Possible selenium benefits range from helping to prevent hair loss to reducing your risk of various forms of cancer. That’s largely thanks to its antioxidant properties, which help bolster your immune system.

Make sure you’re getting all the selenium you need. Brazil nuts are a great source of this crucial mineral. Selenium supplements can be hugely beneficial too.

References

  1. Medsafe Editorial Team Selenium – https://www.medsafe.govt.nz/profs/puarticles/sel.htm

  2. Rita Stoffaneller and Nancy L. Morse (2015). A Review of Dietary Selenium Intake and Selenium Status in Europe and the Middle East – https://www.ncbi.nlm.nih.gov/pmc/articles/PMC4377864/

  3. The British Nutrition Foundation – Selenium and Health – https://www.nutrition.org.uk/attachments/145_Selenium%20and%20health.pdf

  4. NHS – OthersVitamins and minerals – https://www.nhs.uk/conditions/vitamins-and-minerals/others/

  5. Zhi Huang, Aaron H. Rose, and Peter R. Hoffmann (2012). The Role of Selenium in Inflammation and Immunity: From Molecular Mechanisms to Therapeutic Opportunities – https://www.ncbi.nlm.nih.gov/pmc/articles/PMC3277928/

  6. Holger Steinbrenner, Saleh Al-Quraishy, Mohamed A Dkhil, Frank Wunderlich, Helmut Sies (2015). Dietary Selenium in Adjuvant Therapy of Viral and Bacterial Infections – https://academic.oup.com/advances/article/6/1/73/4558052

  7. Mara Ventura, Miguel Melo, and Francisco Carrilho (2017). Selenium and Thyroid Disease: From Pathophysiology to Treatment – https://www.ncbi.nlm.nih.gov/pmc/articles/PMC5307254/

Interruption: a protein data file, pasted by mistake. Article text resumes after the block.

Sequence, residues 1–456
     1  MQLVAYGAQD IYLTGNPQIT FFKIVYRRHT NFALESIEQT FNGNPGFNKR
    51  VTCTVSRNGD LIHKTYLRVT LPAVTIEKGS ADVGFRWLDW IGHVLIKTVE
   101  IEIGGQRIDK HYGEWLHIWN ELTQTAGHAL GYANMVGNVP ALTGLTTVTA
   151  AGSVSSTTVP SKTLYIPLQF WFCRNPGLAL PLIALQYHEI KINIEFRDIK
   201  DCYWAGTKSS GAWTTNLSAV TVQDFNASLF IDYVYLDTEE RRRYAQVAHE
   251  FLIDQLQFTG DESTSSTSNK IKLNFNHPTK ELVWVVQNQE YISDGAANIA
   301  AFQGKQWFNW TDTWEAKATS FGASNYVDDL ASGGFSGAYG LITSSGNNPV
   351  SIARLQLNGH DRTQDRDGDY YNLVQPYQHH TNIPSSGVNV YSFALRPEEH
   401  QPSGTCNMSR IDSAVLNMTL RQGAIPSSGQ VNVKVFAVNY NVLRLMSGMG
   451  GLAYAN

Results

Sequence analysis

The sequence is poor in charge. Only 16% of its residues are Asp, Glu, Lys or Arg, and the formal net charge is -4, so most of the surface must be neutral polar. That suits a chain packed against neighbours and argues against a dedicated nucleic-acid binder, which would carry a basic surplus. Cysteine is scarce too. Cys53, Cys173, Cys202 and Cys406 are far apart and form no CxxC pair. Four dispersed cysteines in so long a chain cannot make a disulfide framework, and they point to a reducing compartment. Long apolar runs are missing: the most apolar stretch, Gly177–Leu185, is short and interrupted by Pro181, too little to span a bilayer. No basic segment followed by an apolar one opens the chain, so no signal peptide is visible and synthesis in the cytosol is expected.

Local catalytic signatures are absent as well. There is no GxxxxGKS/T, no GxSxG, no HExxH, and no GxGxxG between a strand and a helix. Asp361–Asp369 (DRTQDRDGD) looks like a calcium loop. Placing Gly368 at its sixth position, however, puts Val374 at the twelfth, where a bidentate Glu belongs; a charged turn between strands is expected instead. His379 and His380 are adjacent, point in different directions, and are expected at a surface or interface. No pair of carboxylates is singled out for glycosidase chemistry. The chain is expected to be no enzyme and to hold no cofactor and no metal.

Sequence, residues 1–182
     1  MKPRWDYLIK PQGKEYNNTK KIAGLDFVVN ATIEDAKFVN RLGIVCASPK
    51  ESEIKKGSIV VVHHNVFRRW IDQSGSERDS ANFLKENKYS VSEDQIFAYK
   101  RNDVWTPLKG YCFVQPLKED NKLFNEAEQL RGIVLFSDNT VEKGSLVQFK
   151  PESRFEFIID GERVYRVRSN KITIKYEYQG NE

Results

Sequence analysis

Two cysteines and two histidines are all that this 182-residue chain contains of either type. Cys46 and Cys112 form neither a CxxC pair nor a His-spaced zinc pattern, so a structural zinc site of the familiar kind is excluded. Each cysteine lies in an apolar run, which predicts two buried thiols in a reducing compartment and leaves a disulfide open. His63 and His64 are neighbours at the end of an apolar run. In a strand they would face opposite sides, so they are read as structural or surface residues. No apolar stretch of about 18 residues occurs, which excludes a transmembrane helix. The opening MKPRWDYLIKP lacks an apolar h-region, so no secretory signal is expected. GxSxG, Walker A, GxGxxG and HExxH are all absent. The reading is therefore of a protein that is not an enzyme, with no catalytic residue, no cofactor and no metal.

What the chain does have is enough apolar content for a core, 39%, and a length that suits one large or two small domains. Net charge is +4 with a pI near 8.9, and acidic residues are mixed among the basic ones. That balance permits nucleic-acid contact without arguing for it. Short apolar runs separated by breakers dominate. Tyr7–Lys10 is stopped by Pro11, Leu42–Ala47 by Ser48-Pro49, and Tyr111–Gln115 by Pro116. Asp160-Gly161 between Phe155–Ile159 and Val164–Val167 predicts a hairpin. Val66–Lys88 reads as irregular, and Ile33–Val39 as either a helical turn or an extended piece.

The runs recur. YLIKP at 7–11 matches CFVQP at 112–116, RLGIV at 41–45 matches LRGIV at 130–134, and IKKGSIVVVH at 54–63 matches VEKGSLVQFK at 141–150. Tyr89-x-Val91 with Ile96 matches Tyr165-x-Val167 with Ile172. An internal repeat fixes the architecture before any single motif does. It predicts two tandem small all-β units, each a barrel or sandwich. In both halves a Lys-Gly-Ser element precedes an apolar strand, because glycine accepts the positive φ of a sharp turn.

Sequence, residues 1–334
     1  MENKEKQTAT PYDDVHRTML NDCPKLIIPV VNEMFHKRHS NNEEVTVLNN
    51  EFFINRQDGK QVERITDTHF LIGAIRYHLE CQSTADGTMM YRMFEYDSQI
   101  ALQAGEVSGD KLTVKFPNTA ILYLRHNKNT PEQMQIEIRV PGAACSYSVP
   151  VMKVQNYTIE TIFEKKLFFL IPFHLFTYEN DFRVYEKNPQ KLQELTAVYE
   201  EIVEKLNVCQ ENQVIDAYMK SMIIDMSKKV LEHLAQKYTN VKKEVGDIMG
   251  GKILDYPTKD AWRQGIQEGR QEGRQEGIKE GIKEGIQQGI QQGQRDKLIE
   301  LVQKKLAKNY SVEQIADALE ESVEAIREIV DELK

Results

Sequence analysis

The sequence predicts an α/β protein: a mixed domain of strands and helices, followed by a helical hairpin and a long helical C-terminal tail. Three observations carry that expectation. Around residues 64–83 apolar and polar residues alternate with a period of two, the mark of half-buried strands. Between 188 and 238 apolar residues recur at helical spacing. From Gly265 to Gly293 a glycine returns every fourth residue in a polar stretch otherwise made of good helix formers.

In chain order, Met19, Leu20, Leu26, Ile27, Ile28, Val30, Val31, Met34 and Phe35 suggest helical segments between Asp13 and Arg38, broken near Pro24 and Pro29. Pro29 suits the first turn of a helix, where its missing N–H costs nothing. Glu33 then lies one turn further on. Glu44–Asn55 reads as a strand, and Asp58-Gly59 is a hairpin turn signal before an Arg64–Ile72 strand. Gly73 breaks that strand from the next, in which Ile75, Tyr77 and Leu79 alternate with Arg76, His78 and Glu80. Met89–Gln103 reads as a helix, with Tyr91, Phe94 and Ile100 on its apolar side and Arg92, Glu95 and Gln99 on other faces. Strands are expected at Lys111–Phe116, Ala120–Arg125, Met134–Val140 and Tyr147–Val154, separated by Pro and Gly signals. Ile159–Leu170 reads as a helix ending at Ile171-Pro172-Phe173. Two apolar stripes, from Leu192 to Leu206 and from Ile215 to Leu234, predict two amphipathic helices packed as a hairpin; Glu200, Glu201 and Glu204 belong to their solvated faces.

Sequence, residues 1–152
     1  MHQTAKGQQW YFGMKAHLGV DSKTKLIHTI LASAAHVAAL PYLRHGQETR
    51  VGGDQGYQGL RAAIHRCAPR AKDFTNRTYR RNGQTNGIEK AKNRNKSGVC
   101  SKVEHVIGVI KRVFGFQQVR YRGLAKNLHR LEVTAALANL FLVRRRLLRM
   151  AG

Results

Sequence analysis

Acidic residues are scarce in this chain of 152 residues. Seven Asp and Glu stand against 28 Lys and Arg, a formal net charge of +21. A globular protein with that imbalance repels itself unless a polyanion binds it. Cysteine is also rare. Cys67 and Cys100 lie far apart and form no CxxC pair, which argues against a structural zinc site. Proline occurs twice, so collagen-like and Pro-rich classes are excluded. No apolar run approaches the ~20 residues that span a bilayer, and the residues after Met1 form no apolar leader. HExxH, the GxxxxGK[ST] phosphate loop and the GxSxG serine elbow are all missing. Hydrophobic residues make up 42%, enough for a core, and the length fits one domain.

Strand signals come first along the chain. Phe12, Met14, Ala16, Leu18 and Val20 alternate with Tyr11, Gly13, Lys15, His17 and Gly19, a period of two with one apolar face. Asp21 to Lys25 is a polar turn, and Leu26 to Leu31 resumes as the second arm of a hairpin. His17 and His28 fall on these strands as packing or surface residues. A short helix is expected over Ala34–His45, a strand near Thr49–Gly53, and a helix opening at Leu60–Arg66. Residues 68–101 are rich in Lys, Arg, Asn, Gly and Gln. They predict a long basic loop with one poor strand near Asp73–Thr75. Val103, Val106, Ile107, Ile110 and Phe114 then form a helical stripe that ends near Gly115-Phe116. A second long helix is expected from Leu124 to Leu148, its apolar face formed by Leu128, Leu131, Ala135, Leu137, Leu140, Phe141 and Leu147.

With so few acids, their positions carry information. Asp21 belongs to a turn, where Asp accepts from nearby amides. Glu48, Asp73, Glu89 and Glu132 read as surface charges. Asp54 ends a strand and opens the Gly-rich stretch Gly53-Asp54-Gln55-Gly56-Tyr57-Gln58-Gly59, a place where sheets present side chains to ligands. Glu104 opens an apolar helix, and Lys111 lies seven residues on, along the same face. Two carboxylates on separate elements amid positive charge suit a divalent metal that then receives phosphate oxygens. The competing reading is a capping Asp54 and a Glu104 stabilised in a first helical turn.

8. Gemma Flores-Mateo, Ana Navas-Acien, Roberto Pastor-Barriuso, and Eliseo Guallar (2007). Selenium and coronary heart disease: a meta-analysis – https://www.ncbi.nlm.nih.gov/pmc/articles/PMC1829306/

  9. Xianlei Cai, Chen Wang, Wanqi Yu, Wenjie Fan, Shan Wang, Ning Shen, Pengcheng Wu, Xiuyang Li, and Fudi Wang (2016). Selenium Exposure and Cancer Risk: an Updated Meta-analysis and Meta-regression – https://www.ncbi.nlm.nih.gov/pmc/articles/PMC4726178/

  10. Marco Vinceti, Gabriele Dennert, Catherine M Crespi, Marcel Zwahlen, Maree Brinkman, Maurice PA Zeegers, Markus Horneber, Roberto D’Amico, and Cinzia Del Giovane (2014). Selenium for preventing cancer – https://www.ncbi.nlm.nih.gov/pmc/articles/PMC4441528/

  11. Martin Loef, Gerhard N Schrauzer, Harald Walach (2011). Selenium and Alzheimer’s Disease: A Systematic Review – https://www.researchgate.net/publication/51147589_Selenium_and_Alzheimer%27s_Disease_A_Systematic_Review
  12. Bárbara Rita Cardoso, Daniel Apolinário, Verônica da Silva Bandeira, Alexandre Leopold Busse, Regina Miksian Magaldi, Wilson Jacob-Filho & Silvia Maria Franciscato Cozzolino (2016). Effects of Brazil nut consumption on selenium status and cognitive performance in older adults with mild cognitive impairment: a randomized controlled pilot trial – https://link.springer.com/article/10.1007/s00394-014-0829-2

  13. Emmanuelle Kesse-GuyotLéopold FezeuClaude JeandelMonique FerryValentina AndreevaHélène AmievaSerge HercbergPilar Galan (2011). French adults’ cognitive performance after daily supplementation with antioxidant vitamins and minerals at nutritional doses: a post hoc analysis of the Supplementation in Vitamins and Mineral Antioxidants (SU.VI.MAX) trial – https://pubmed.ncbi.nlm.nih.gov/21775560/

While we've ensured that everything you read on the Health Centre is medically reviewed and approved, information presented here is not intended to be a substitute for professional medical advice, diagnosis, or treatment. It should never be relied upon for specific medical advice. If you have any questions or concerns, please talk to your doctor.